One of the many responsibilities that falls on bloggers and website owners is search engine optimization (SEO) other related chores, such as ensuring search engines can easily read your site. Recently, Google Webmaster Tools sent out notices to thousands of site owners across several platforms informing them that there was a Googlebot CSS and JS problem in their site’s robots.txt file. Fix it, or the Google would be angry. In other terms, Google updated the rules of the game (again) and needed their robots to crawl more items in your site.
I’m sure you’re thinking, “What? I have robots on my site? And they crawl?”
Let’s back up. Robots, or bots for short, are what search engines use to get an idea of what your site is about. They crawl (read) the content we see, alt tags and descriptions for images, and more. However, now that more people are relying on mobile devices, Google also needs to analyze the mobile versions of our sites. As website owners we have the ability to indicate to search engines what files to crawl and which ones to not crawl via the robots.txt file.
Google was having problems reading certain pages of information that helps it understand how your site should look like on mobile devices. Remember when we were told that our sites had to be mobile-friendly and our SEO would suffer otherwise? This new request is Google’s way of 1) making sure your site is mobile-friendly and 2) making sure it understands how the mobile-friendly portion of your site should render (appear) across devices.
I use WordPress as my blogging platform, and I use Wordfence as my security plugin. Here’s what my robots.txt file looked like, which caused Google to ask me to update the permissions:
wp-admin is where the CSS and JS files are housed by WordPress. And, seeing as the robots.txt was disallowing bots to crawl it, Google asked me to fix this. However, I don’t want to open the floodgates and allow search engines to search ALL of my admin files, as it could be a security issue. Instead, I just wanted to allow the bots to search the CSS and JS files they needed.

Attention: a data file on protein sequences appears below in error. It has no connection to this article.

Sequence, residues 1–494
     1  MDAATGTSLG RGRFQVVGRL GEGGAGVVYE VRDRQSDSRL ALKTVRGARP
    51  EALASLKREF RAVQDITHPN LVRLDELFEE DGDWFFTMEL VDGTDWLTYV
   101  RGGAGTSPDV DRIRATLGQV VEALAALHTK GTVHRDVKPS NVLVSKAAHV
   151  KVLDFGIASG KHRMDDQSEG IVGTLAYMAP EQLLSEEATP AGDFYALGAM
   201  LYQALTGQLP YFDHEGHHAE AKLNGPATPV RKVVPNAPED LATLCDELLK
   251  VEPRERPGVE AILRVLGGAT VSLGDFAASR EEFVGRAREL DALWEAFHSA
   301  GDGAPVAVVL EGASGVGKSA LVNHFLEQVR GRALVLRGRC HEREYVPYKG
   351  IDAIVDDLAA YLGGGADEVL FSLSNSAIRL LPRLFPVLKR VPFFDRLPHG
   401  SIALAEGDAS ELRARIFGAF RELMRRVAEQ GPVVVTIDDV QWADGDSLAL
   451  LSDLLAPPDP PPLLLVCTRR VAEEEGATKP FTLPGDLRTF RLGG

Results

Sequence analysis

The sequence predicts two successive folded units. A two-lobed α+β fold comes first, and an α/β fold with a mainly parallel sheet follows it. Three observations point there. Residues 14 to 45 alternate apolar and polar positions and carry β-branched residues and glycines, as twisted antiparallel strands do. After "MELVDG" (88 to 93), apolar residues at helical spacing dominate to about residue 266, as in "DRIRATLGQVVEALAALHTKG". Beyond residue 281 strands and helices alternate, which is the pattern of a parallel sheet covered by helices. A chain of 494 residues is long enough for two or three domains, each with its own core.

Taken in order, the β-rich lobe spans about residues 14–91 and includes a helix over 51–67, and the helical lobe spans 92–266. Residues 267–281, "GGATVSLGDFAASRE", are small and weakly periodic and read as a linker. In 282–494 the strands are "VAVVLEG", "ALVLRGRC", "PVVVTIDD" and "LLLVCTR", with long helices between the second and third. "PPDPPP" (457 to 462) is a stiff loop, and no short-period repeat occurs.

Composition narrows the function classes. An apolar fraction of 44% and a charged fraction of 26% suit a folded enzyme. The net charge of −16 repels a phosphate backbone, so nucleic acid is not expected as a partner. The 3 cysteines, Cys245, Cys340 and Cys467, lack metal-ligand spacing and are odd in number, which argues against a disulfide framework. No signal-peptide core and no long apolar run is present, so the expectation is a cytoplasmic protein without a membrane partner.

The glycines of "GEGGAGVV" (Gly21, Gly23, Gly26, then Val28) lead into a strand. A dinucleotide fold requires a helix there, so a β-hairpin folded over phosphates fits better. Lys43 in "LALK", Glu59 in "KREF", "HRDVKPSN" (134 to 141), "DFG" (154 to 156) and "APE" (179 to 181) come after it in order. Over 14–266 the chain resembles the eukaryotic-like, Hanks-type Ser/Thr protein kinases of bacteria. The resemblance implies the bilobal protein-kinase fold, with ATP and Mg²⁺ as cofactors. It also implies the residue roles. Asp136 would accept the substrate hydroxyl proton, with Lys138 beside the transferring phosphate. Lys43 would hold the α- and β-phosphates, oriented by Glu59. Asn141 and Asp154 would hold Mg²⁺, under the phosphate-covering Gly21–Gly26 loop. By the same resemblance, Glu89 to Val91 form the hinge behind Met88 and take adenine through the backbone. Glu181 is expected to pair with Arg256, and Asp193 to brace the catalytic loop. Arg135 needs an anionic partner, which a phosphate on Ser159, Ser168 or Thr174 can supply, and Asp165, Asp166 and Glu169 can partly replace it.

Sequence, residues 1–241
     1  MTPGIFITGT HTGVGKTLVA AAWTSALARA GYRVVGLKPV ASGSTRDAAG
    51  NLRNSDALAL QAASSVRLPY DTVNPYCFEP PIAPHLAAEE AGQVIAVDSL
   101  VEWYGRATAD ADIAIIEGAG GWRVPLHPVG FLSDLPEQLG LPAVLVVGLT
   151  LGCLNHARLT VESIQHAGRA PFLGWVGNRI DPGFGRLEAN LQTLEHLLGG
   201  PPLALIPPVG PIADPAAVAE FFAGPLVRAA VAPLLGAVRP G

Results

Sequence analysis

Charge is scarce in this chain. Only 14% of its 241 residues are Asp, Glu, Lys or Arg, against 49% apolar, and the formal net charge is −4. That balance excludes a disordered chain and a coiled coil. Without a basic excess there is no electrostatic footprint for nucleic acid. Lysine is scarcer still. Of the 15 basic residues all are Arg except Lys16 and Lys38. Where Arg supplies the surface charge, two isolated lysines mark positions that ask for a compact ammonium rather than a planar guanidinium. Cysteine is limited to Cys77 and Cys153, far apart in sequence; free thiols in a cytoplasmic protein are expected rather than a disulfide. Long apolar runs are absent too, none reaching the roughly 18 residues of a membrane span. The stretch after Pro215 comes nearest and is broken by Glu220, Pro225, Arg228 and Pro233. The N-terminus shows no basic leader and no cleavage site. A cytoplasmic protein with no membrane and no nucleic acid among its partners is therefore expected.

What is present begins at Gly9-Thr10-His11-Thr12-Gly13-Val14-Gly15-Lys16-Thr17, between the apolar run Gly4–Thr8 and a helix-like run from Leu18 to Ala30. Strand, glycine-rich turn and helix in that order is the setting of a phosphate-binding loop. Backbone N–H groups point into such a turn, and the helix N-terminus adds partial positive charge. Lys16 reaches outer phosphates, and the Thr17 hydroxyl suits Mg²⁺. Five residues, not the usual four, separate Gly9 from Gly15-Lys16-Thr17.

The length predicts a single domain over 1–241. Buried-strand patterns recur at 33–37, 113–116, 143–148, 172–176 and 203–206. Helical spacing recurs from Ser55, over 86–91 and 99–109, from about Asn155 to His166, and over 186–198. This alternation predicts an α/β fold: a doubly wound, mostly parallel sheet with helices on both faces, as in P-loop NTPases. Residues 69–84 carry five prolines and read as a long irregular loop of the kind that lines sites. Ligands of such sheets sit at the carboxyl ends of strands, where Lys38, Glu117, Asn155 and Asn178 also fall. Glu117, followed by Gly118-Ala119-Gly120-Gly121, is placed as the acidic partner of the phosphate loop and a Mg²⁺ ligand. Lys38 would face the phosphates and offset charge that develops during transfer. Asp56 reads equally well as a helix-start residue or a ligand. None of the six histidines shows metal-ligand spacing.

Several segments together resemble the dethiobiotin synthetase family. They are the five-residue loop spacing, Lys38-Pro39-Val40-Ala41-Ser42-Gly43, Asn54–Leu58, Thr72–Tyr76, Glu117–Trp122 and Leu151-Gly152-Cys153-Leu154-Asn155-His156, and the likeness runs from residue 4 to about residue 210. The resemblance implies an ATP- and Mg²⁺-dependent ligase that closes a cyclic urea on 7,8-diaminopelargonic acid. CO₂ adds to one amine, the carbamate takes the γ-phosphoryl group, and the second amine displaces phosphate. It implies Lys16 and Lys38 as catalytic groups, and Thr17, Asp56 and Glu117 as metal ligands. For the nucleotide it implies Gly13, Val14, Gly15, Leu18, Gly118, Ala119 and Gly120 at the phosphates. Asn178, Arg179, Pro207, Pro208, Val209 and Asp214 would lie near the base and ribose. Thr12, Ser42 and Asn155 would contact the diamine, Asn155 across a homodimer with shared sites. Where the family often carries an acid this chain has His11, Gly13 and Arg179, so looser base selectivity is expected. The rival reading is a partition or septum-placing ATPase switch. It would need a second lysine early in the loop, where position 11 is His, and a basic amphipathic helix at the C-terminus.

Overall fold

Googlebot Screenshots: Before and After fixing robots.txt
Here’s how Googlebots saw my site on smartphones before I updated my robots.txt file:
Here’s how Googlebots saw my site on smartphones after I updated my robots.txt file:
They look exactly the same, which is the goal: to have Googlebots see your site exactly as human eyes would see it.
How to find your robots.txt file
If you don’t use WordPress SEO by Yoast (highly recommended) you will need to find your robots.txt file in your site’s files in the cPanel File Manager or via FTP access. I prefer to do this the easy (and smart) way so I use the File Editor in my WordPress SEO plugin.
Go to SEO > Tools > File Editor.
Important: Make sure you do NOT touch the .htaccess file or you will face the white screen of death
If you do not have a robots.txt file, create one and paste the code from above.
Save your changes. You will need to go back to your Webmaster Tools account and follow their instructions:
Note that the earliest fetches (before I completed all these steps) were labeled as Partial by Google, while after the fix they considered it Complete* (green text). Be sure to Fetch as Google for both desktop and smartphone to cover all your bases.
This is one of many ways to fix the issue, but I like its simplicity and effectiveness. I’ve learned that it takes a little longer for some sites owners’ robots.txt files to reflect the changes in the Webmaster account. Be patient and follow up with it!
*Note: if you run ads from Adsense or ad networks like BlogHer or GLAM Media, you will not see a “Complete” render as we have no control over the scripts of the ads. We can only set rules for Googlebots on our site, not third-party scripts.